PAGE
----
# Computing the fractional Laplacian of power function

Is it possible to compute explicitly the fractional Laplacian (in $$\mathbb R^n$$) of a power function $$|x|^p$$?

• Yes: $(-\Delta)^{\alpha/2} [|x|^p] = 2^\alpha \Gamma((p+n)/2) \Gamma((\alpha-p)/2) (\Gamma((p+n-\alpha)/2) \Gamma((-p/2))^{-1} |x|^{p-n-\alpha}$ whenever defined. May 22, 2020 at 11:29
• This follows easily from the composition rule for the Riesz potential kernel. See Theorem 3.1 in my survey [Kwaśnicki, Fractional Laplace Operator and its Properties, in: A. Kochubei, Y. Luchko, Handbook of Fractional Calculus with Applications. Volume 1: Basic Theory, De Gruyter Reference, De Gruyter, Berlin, 2019], DOI:10.1515/9783110571622-007 for a rigorous statement and discussion. May 22, 2020 at 11:32
• @MateuszKwaśnicki Thanks! Could you clarify the $x$ dependence in your result? I expect it to be something like $-C_{N,\alpha} |x|^q$.
– Hiro
May 22, 2020 at 11:38
• Ah, I noticed a typo in my previous comment: should be $|x|^{p-\alpha}$, not $|x|^{p-n-\alpha}$, sorry. This is exactly as you say, with $q = p - \alpha$, but the constant depends on $n$, $\alpha$ and $p$. May 22, 2020 at 11:47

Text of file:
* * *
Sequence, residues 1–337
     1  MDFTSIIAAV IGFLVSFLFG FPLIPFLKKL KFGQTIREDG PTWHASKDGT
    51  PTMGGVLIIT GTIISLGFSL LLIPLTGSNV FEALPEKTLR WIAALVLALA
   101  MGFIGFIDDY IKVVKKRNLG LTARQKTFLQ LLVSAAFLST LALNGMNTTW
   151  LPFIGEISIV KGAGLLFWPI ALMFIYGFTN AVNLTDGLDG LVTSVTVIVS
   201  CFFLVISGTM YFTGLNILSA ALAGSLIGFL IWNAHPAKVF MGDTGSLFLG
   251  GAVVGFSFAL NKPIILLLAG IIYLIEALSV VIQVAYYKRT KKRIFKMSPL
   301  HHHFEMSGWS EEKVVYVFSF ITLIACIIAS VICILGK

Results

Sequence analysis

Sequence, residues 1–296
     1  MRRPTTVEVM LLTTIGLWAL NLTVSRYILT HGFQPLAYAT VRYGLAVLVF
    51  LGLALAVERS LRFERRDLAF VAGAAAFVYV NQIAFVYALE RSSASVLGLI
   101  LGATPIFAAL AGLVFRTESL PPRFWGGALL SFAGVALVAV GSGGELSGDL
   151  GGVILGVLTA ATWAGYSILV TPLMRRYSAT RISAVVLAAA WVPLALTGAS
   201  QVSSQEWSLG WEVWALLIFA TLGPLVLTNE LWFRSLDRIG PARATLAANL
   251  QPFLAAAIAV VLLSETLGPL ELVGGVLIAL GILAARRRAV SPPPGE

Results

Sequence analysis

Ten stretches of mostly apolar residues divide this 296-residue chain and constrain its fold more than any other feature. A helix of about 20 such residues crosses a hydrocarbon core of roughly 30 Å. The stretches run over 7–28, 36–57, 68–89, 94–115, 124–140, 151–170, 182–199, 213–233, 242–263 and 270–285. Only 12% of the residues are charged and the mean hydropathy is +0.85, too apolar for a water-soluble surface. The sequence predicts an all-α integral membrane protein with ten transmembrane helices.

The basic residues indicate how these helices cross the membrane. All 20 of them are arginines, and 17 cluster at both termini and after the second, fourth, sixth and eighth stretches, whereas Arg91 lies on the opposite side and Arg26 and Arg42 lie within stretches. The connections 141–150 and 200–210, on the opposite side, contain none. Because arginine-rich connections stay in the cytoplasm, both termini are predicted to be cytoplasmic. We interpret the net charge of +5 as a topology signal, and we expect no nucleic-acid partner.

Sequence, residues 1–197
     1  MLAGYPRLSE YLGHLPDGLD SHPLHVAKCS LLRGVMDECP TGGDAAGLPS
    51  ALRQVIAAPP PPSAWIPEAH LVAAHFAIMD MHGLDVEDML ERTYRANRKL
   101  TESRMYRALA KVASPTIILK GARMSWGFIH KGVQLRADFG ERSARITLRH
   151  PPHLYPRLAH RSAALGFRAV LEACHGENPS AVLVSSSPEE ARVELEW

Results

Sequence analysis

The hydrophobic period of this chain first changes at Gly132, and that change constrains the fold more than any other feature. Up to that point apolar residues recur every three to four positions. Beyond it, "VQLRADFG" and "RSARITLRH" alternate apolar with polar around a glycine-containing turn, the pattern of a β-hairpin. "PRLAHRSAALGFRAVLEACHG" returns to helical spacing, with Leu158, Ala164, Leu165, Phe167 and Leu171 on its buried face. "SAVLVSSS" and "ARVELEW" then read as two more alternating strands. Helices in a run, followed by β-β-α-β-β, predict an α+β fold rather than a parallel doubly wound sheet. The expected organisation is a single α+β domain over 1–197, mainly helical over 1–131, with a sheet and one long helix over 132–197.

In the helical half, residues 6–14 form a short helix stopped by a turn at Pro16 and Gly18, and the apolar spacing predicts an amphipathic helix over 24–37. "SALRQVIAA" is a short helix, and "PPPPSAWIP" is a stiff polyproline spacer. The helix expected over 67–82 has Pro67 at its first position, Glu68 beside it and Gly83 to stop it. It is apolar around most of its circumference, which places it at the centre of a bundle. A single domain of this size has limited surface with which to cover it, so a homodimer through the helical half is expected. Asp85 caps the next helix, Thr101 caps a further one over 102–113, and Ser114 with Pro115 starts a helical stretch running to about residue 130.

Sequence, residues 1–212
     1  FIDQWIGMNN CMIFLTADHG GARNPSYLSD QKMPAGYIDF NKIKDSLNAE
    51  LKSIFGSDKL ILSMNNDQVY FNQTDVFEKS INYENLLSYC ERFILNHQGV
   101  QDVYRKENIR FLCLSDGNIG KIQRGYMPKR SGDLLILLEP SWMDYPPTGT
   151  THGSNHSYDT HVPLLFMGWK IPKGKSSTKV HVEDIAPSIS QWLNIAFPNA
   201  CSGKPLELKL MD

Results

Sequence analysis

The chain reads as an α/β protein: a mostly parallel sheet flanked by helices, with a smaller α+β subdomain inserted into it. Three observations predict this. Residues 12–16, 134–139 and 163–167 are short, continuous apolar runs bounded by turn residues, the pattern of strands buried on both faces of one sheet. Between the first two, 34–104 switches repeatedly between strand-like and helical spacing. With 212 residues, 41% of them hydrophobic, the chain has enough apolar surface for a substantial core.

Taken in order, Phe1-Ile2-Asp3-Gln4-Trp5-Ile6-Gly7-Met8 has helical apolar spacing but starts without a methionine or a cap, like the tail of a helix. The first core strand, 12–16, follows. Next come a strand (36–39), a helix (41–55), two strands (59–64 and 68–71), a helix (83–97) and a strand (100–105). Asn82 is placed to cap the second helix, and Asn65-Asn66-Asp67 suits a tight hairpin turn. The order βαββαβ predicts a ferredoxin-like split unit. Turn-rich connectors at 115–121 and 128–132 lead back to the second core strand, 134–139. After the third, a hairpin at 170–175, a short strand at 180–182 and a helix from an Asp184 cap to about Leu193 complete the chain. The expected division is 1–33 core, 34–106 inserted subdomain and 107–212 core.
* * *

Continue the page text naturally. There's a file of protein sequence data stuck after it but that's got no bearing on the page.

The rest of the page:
• @MateuszKwaśnicki Thanks again. Oh, now I understand; in my browser the formula inside the comment is not properly displayed (I see it divided in two pieces with "whenever defined" in the middle). For the sake of clarity, could you please write it in an answer?
– Hiro
May 22, 2020 at 11:50

Proposition: Let $$\alpha \in (0, \infty)$$, $$p \in (-n, \alpha)$$, and $$f(x) = |x|^p .$$ Then $$(-\Delta)^{\alpha/2} f(x)$$ is well-defined for $$x \ne 0$$, and $$(-\Delta)^{\alpha/2} f(x) = 2^\alpha \frac{\Gamma(\frac{p+n}{2}) \Gamma(\frac{\alpha-p}{2})}{\Gamma(\frac{p+n-\alpha}{2}) \Gamma(-\tfrac{p}{2})} \, |x|^{p - \alpha} .$$ Here we understand the right-hand side is zero if $$\tfrac{p+n-\alpha}{2}$$ or $$-\tfrac{p}{2}$$ is a non-positive integer.